Let us pause for a moment and gaze across this landscape of dysfunction. A state is spectacularly ill served by the Reagan-Bush stampede of deregulation, privatization, and laissez-faire. It sees its countryside depopulated, its towns disintegrate, its cities stagnate – and its wealthy enclaves sparkle, behind their remote-controlled security gates. The state erupts in revolt, making headlines around the world with its bold defiance of convention. But what do its revolutionaries demand? More of the very measures that have brought ruination on them and their neighbors in the first place.

This is not just the mystery of Kansas: this is the mystery of America, the historical shift that has made it all possible.

In Kansas the shift is more staggering than elsewhere, simply because it has been so decisive, so extreme. The people who were once radical are now reactionary. Although they speak today in the same aggrieved language of victimization and although they face the same array of economic forces as their hard-bitten ancestors, today’s rebels make demands that are precisely the opposite. Tear down the federal farm programs, they cry. Privatize the utilities. Repeal the progressive taxes. All that Kansas asks today is a little help nailing itself to that cross of gold.

Excerpt above can be found at: Rural

Description below from:
A brilliant analysis - and funny to boot - "What's the Matter with Kansas?" presents a critical assessment of who we are, while telling a remarkable story of how a group of frat boys, lawyers, and CEOs came to convince a nation that they spoke on behalf of the People.

I think (I'm still hopefuller), that some of the popular reactionary sway Frank highlights may change over the next four years. Shifting away from the more poisionous trends he notes above. Especially in light of the Bush cororations duplicitous and morally vapid stewardship. But, uprooting the diseased stump that has taken hold across the motherland, and has been throwing up new sucker shoots for thirty some years now, isn't going to be accomplished easily or any time soon or simply by clearing away the rotten nuts rolling around it's base. Although that would be a good place to start. It will require a lot more clean up work than that. There will be a lot of digging and pick-axe swingin' left to do over the years. So, diggers...

sharpen your shovels and reload your gun, we're gonna have a whole lot of fun.


Maintenance, links, stuff like that... 

Apologies for not keeping up with the blogroll additions over the last month or so. Too much going on too fast and so on... If anyone out there sent in a blog-link post request and I didn't see it or lost it or forgot to add it - or you would like your link added - please let me know. Looks like I'll have at least another four years to work on it. Assuming I don't get run over by a bus, or something tragic like that.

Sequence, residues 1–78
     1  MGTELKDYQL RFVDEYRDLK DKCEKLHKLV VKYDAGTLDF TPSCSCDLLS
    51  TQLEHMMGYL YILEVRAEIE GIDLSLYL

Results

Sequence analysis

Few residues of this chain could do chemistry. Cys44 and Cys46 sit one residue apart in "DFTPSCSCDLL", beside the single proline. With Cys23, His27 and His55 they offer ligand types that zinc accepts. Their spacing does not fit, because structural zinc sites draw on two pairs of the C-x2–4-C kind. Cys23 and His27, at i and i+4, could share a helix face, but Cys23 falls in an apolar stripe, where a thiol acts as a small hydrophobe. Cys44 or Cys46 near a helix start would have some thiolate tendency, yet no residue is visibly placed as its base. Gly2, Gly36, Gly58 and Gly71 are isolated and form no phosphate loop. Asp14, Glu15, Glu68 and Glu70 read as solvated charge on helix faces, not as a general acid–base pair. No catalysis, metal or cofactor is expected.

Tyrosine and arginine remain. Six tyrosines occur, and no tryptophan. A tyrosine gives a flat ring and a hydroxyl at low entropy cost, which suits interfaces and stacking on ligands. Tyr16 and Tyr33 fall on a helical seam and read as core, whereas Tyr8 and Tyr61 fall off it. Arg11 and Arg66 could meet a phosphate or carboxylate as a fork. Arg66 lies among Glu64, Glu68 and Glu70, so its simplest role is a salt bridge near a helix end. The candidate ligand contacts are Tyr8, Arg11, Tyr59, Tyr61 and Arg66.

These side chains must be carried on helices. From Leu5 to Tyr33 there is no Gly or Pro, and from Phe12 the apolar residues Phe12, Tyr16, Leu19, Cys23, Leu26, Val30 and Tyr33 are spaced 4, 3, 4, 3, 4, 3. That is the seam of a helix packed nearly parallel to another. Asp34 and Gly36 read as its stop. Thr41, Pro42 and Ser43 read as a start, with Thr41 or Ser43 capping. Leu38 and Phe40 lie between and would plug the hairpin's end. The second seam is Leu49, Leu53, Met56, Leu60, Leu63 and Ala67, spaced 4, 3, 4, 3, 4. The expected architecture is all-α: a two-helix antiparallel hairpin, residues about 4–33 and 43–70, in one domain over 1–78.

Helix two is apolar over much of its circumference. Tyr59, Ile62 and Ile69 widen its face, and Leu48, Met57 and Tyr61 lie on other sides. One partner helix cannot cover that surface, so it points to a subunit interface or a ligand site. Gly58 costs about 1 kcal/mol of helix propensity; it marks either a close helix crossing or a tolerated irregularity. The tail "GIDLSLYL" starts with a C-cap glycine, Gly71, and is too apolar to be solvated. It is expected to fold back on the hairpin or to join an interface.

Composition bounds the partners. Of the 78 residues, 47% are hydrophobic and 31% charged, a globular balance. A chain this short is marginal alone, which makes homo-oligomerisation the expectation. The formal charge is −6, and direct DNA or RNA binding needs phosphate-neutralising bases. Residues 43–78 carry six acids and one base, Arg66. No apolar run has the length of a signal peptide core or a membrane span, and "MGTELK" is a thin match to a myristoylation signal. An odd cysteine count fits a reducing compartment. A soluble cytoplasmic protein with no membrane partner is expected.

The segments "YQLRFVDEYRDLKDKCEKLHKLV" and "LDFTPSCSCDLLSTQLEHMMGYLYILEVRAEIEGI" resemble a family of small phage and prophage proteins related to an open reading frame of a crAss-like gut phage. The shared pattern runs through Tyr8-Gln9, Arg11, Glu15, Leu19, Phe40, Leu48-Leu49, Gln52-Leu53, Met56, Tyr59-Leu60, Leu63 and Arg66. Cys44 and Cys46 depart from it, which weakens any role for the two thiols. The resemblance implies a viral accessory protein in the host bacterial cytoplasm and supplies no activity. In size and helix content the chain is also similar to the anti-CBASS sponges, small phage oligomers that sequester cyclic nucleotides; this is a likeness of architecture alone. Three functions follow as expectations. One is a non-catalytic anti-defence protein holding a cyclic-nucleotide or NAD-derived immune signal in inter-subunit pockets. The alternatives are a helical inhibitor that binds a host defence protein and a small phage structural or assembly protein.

Added this morning:
Reload Blog
Tommy Pain
Red Hair Black Leather

and finally, from...Loaded Mouth, go see why they're called MEDIA WHORES:
Ahhh, that wonderful liberal media, how I fucking love thee...



Tuesday, November 09, 2004

Goodnight, moon 

What Bush Mandate? I guess I'm one of the 48% of Americans who didn't get the memo...

UPDATE Follow the money. You know, the people running the red states can't be all that dumb—after all, they've somehow managed to get the people running the blue states to subsidize them. Odd.

"People running the red states" being a first crude attempt to distinguish between the (vicous, bigoted, corrupt, Jeebofascists) red state political establishment, and the voters in the red states who voted blue (ie, were not vicious, bigoted, or corrupt Jeebofascists).

Bush heaves Ashcroft, Evans over the side 


Well, they couldn't get anyone worse than Ashcroft. Right?

What is to be done? 

Readers, we came into being to defeat Bush in 2004.

That didn't happen (modulo the efforts to actually count the vote; let's not talk about that here).

What's next?

What should be next?

And don't be like this guy 

Since the CW seems to be I have two weeks to be weepy and pissed before I get all "responsible" and "civil" and bend over for the Republicans again, I guess it's OK to link to this.

Then again, this guy writes better than the heinous Mike "Is this on?" Thompson.

And now that I've released my bile: As everyone knows, I'm a yellowdog Democrat from Philly. We saved this part of what used to be called the Union for democracy, at least. So I'd be interested to know what Xan, for example, makes of this red state/blue state thing. It's fun to rant, and there's something to it, but isn't it possible reality could be a little more subtle than red, blue, or even purple?

Stealing the family "values": the great morality swindle of 2004 

Watch the yokels fight. Red yokels fight Blue yokels. Fight yokels fight.

Culture war that is. That's what the pundit gigglers and "official statement" readers in the corporate media and the multimillionaire religious mountebanks and the right wing think tank remoras and the Wall Street Journal op-ed page swindlers patting their fattened tummies in Manhattan want you to see on your shiny TV.